How to Produce Your Own Design Icon
A scientific method to immortalize your brand.
We design to solve problems, to make our world better. These designs then in turn reflect our utopia — the best world. Only a few are then chosen as representative of what we find the most important or beautiful — only a few are iconic. Those iconic designs shape us as we shape them.
And they sell too. Iconic designs last long on the market, give great ROI and can change a brand for the better. They’re not the worst to end up with. Fortunately, I wrote about how designs become icons in my final thesis and can now tell you exactly how to make an icon yourself!
We, my colleague C. Schmidt and I, made the complete model — The Way to iconicity — over the path a design takes from being produced to becoming an icon. In the process, many design professors who’ve worked with and written about design icons were included, but not all are mentioned in this article.
Instead of you taking my word for it, let me take you through the entire process of making it, and in the end, show you which steps you can take to iconize your own design.
If you’re a bit impatient and want to know how to make your own design iconic now — I don’t blame ya, skip to The Way to Iconicity.
A design icon doesn’t become an icon overnight. They become so by accumulating a lot of cultural meaning over a longer period of time. With cultural meaning, I mean the design is either connected to a culturally significant event — like being on the cover of Vogue or in front of a big New York hotel — or through slow integration in the culture — like being in every café in Italy or on every street in Copenhagen.
Stay with me. In design historian Grace Lees-Maffei’s book Iconic Designs, she introduces these four important parameters that affect the iconization of a design.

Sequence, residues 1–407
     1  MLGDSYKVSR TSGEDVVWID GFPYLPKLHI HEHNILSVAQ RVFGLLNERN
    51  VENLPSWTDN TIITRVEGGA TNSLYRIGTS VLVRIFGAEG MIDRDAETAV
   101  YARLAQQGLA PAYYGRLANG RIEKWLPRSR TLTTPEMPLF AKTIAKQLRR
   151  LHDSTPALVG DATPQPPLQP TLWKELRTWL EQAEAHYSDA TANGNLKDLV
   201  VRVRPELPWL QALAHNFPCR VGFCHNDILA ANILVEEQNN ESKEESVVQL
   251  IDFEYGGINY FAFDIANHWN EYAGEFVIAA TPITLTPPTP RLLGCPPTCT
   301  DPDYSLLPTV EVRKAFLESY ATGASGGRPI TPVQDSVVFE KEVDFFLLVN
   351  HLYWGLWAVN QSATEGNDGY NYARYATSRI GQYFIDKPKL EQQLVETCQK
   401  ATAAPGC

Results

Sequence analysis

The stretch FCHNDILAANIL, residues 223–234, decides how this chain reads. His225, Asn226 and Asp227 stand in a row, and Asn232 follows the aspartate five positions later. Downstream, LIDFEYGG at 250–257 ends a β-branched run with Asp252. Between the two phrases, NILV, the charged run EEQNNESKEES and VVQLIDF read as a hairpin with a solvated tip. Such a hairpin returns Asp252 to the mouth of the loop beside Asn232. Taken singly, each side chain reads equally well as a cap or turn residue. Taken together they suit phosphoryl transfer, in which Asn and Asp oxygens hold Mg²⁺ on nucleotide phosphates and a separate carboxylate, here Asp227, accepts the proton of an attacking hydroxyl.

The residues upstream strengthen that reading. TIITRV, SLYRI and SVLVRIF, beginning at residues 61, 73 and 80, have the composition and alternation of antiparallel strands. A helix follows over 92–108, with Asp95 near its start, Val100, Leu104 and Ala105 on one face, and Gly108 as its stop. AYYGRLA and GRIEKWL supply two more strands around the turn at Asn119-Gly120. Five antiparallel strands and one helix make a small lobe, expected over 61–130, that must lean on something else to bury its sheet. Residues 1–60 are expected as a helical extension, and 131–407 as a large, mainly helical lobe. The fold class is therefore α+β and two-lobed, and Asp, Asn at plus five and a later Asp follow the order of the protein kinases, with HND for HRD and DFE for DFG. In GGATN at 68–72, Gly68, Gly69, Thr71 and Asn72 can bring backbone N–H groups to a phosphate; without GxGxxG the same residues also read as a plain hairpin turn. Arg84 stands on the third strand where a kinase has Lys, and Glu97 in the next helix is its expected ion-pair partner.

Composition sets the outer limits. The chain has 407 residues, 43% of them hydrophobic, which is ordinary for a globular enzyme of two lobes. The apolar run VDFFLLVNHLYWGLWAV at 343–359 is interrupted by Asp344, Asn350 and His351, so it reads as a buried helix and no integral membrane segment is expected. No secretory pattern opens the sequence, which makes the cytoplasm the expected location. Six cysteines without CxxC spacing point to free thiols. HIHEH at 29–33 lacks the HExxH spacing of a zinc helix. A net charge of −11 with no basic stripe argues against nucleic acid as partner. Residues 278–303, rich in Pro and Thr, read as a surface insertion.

- Reception — how well the design is received on the market and media.
- Representation — how well the design represents an idea i.e. an idea, a place, a way of life, a design style, etc.
- Recognition — how recognizable the design is in various ways.
- Reverence — how revered and respected the design is.
We were also heavily inspired by Grant McCracken's model Movement of Meaning, where meaning is transferred by the producer, media and consumer through different instruments.
To relate Lees-Maffeis icon theory to McCracken's model, then the reception is how much meaning there is transferred as a whole to the design. The type of meaning relevant to the iconization process is then what the design represents, how recognizable and revered it is.
Whether it’s the media, the designer, the producer or the consumer masses who transfers this meaning matters. To simply show a design as representative of something, e.g. danish design icon or design iconic for Paris in the media will result in a mere social construction, where it through consumption will create a more realistic representation.
One of my favourite examples is my beloved Bodum Chambord french press (which makes amazing coffee — see here how). If you were to find the Bodum french press in most Danish kitchens as my own, then it would be a quite accurate representation of Danish kitchens — a Danish icon. But if only Bodum, some magazines and the media tried to simply show the Chambord French press as iconic for Danish kitchens even though it might not actually be in quite a lot, then it isn’t as representable.